Earned Value Management (EVM) is a requirement for many government contracts, and specified by many clients looking to secure project teams to deliver their work. If you are taking your first steps into Earned Value (EV) to meet the demands of your clients, it’s worth understanding a little about the limitations of the system so you can plan how you are going to overcome them.
Three common limitations of earned value are:
- You need a well-defined project scope
- You need well-defined project dates
- You need skilled staff.
While they might seem like big challenges at first glance, you can mitigate for all of them, choosing actions that allow you to still use EV where it’s appropriate to do so.
Below, we discuss those three challenges and give you some tips on how you can manage around them, or resolve them completely.
1. You need a well-defined project scope
Earned Value (EV) relies on having a well-defined project scope so that value can be assigned to specific chunks of activity. Typically, the requirements are recorded in a Work Breakdown Structure (WBS) and WBS dictionary that holds all the information needed to accurately estimate and plan the work.
Not all projects fit that model.
For example, you might be working on a project where the scope is not clear at all, or you do not have all the detail to be able to construct a work breakdown structure, let alone a plan. Dr Eddie Obeng describes these projects as ‘walking in fog’ projects where you don’t know what you are doing (yet) and you don’t know how you are going to get there (yet).
Make sure your project can be scoped in a way that allows the creation of a work breakdown structure and discrete work packages.
That might mean spending more time on the requirements elicitation and documentation, making sure there is robust and accurate information and detailed plans.
However, it could also mean giving EV a miss on this project and choosing a different approach to project controls that is more suited to work with an evolving scope. Otherwise, you could end up investing a lot of management effort into producing EV reports that don’t really tell you anything useful.
2. You need well-defined dates
EV calculations are date-driven. In other words, you’re looking for value earned during a specific time period of when the work was scheduled.
In today’s knowledge economy, there are often tasks that need to be done but that don’t fit within specific dates. Expert input, for example, can be hard to judge, especially when you are asking your SMEs to come up with things that are brand new. Examples of this include:
- Creating new policies to respond to changes in legislation
- Designing a training program for a system that has not yet been built
- Creative work
- Some aspects of transformative business and cultural change that are driven by results, not dates, and are managed as a journey.
‘Brain work’ is particularly hard to schedule because you can’t reliably know how much effort it is going to take to come up with the solution. In the example of policy design, writing the policy down might take a day or two, but coming up with what goes into the policy might require many late nights of heated discussion… or it could be very simple and finished in a couple of hours.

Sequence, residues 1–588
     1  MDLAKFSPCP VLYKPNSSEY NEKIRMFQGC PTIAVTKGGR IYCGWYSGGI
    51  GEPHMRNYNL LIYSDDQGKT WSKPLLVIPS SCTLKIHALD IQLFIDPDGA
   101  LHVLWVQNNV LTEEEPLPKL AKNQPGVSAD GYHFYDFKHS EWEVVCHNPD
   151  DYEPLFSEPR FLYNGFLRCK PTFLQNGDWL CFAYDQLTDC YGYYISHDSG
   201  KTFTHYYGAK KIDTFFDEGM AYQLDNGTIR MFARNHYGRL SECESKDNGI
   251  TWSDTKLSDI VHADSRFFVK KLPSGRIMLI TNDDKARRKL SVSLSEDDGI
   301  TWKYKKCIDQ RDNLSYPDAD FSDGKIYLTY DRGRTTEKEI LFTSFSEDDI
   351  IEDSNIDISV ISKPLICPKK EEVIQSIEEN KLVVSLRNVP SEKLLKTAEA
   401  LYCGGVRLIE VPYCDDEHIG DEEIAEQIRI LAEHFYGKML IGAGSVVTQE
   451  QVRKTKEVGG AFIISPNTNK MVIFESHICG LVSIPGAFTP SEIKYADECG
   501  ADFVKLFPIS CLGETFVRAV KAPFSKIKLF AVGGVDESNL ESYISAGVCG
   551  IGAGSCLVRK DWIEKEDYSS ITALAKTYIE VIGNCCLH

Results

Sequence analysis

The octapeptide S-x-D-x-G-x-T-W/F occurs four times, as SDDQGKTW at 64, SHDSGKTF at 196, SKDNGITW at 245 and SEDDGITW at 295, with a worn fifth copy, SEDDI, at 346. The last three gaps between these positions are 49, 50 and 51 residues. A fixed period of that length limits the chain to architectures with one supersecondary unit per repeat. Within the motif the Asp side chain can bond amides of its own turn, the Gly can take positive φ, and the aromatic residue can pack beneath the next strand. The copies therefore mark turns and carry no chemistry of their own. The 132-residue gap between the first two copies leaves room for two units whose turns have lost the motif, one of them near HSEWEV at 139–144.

EV for project controls doesn’t have a lot to add for these tasks.
It may be possible to structure the project into activities where EV is an appropriate method of project control and activities that will be tracked and managed in a different way.
However, don’t let comments of ‘we can’t estimate that’ go unchallenged. It might be hard to estimate, and it might involve some uncomfortable conversations, but most project work can be estimated to a level that makes it possible to use EV for tracking.
3. You need skilled staff
The third limitation for adopting EV is that it’s important to have experienced project professionals who can produce the inputs for the EV tools and interpret the outputs. You might not have project accountants with the relevant skills – or enough of them to support all the projects you are running. Your project management experts may not be confident enough using the tools to create the required baselines.
EV is a topic that’s often talked about at a high level but not truly taught in detail on many of the popular project management certification programs. It’s also not applied in every industry, so depending on where your staff have come from, they may not have had to use it before.
A competent and experienced project manager, with a long history of project success, may hold several certifications and still not have enough knowledge of EV to be able to use the tools efficiently.
No one starts off with experience. You can shore up the skills of your internal team with experienced EV staff who can support your own team to learn tips and tricks, as well as build their confidence in using the tools. They’ll make sure that the data going into the EV system is accurate and detailed enough, and that it’s being entered in a timely way so the data coming out is meaningful.
Over time, contracted experts can prepare a knowledge transfer so they can fully step back. Then your in-house team will be able to run the Earned Value (EV) systems and provide compliant reporting to clients.
As you implement EV in your organization, you may find other limitations or assumptions that would benefit from being discussed with experts who have led successful implementations in all kinds of companies, in all kinds of industries around the world. It’s always OK to reach out to us for an informal chat about how we could support you in making the most of your Earned Value (EV) system or developing a new one, so you can continue to focus on what you do best: serving your clients.